This is an example of a band sampler.
I had never heard of one before TAST.
This one can be rolled up and stored; and
unrolled and used as a stitching reference.
According to the Pintangle website, the samples can be on small "scraps of fabric or doodle cloths. Some people are going to make a band sampler, others are making fabric books, others working the challenge stitches on a crazy quilt block or project, while others are going to use fabric postcards, and ATCs (Artist Trading Cards). The challenge is to work the stitch. The format or project is totally up to" each participant.
This is one of many embroidery panels
that were sewn together to form a quilt.
After the sample is done for the week, participants photograph it; and put it on the web so visitors can share. Then participants return to Pintangle to leave a comment to tell everyone where they can see their sample.
So, after taking a look at what others have done with samplers, I am tending to lean towards the side of practicality again. I could make another quilt - alternating 12 samplers (perhaps one sampler per month which would reflect 4-5 stitches depending on the number of weeks in that month) with fabric squares. However, I am doing another quilt as part of the Embroidery Journal Project in 2012.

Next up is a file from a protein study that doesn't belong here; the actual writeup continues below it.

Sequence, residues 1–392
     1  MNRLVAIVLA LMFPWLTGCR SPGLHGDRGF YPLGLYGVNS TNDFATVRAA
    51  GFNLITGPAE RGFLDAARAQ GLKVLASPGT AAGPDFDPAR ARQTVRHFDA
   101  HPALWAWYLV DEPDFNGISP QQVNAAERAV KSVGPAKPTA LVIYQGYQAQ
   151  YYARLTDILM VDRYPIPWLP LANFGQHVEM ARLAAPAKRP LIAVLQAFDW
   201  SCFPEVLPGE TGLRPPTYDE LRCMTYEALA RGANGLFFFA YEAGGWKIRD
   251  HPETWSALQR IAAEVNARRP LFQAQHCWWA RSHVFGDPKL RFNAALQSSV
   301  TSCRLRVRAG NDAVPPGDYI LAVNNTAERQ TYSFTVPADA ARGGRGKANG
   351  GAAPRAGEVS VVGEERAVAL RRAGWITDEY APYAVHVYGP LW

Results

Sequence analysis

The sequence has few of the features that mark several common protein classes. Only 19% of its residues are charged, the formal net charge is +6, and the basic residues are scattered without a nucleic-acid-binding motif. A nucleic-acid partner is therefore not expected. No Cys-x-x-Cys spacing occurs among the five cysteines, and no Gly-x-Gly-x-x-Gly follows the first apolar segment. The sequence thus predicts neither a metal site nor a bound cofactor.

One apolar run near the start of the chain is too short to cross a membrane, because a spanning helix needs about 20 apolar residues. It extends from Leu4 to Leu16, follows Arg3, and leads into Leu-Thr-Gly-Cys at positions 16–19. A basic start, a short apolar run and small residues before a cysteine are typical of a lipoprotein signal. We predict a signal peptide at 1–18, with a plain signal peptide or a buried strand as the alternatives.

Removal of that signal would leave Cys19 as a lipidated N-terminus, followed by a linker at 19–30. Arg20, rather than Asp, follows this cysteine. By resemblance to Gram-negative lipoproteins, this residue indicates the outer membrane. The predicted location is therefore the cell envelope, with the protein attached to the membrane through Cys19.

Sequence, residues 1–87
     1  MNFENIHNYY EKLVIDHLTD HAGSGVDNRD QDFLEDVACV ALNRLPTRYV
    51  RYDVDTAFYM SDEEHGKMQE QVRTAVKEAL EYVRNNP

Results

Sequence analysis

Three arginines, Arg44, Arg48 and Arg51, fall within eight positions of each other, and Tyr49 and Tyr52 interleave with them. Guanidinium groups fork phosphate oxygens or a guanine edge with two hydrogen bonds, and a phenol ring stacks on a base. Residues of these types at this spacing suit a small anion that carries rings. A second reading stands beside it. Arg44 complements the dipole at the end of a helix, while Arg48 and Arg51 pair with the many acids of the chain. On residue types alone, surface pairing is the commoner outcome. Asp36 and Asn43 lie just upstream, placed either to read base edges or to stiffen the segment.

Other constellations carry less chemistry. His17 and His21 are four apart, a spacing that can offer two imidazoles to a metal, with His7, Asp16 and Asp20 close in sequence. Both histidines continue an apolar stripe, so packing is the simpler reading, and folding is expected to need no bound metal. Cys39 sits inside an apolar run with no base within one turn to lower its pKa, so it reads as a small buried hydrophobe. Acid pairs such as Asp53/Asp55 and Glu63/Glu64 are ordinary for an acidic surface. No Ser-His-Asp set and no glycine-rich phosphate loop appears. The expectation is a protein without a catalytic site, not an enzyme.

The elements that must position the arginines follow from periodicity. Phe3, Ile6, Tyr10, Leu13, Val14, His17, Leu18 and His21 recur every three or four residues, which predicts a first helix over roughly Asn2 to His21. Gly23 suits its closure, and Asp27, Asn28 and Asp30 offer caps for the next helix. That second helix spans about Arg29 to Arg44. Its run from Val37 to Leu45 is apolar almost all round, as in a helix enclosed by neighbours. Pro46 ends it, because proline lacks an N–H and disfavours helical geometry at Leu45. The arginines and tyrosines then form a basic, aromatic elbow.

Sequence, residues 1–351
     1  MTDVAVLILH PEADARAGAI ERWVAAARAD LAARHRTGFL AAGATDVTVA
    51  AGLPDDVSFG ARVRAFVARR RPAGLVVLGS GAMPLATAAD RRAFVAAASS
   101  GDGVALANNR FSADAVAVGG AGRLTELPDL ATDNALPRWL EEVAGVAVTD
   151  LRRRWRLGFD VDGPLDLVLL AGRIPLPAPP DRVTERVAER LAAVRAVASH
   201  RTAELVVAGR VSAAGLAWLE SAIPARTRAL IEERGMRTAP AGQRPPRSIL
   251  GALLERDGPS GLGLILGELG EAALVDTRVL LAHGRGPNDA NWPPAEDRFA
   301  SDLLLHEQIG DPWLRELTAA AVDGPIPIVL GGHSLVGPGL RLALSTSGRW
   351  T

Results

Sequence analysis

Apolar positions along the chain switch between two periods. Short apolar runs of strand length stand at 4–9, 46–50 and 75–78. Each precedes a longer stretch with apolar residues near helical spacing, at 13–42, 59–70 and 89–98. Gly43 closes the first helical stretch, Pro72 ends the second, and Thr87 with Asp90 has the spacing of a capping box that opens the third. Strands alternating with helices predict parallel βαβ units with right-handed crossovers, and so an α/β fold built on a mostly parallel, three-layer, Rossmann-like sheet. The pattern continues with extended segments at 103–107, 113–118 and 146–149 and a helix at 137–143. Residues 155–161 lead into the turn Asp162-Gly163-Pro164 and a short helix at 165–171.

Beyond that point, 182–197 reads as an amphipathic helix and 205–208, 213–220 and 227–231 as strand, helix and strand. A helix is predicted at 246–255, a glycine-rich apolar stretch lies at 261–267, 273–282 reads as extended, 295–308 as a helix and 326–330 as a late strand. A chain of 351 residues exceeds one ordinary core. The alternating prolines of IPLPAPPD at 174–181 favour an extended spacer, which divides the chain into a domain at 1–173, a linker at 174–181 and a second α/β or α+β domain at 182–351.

I do like the idea of a table runner like the one in the photo above. Although I don't use table runners often, perhaps having something to decorate the table with for at least one meal each month (or one meal each week), might make meal time more special and pretty.
A participant in TAST 2010 did the stitches on scraps of lace.
She put them in an altered book with the names of the stitches.
The altered book, as pictured above, is the idea I keep returning to, however. Rather than altering a book (which I don't have any experience doing), perhaps using a blank book as the foundation would be more appropriate.
Each week, I could add different components:
- the tactile stitch with its name;
- a short journal hand-written journal entry;
- a list of a few things for which I'm grateful; and
- any natural element that I find during the course of a week (e.g., feather, pressed flower or leaf).
Given my father's declining health, perhaps this combination of written words, nature, and art/embroidery might be meaningful and help in the grieving/healing process.
Hopefully by next week I'll have made my decision about what to do.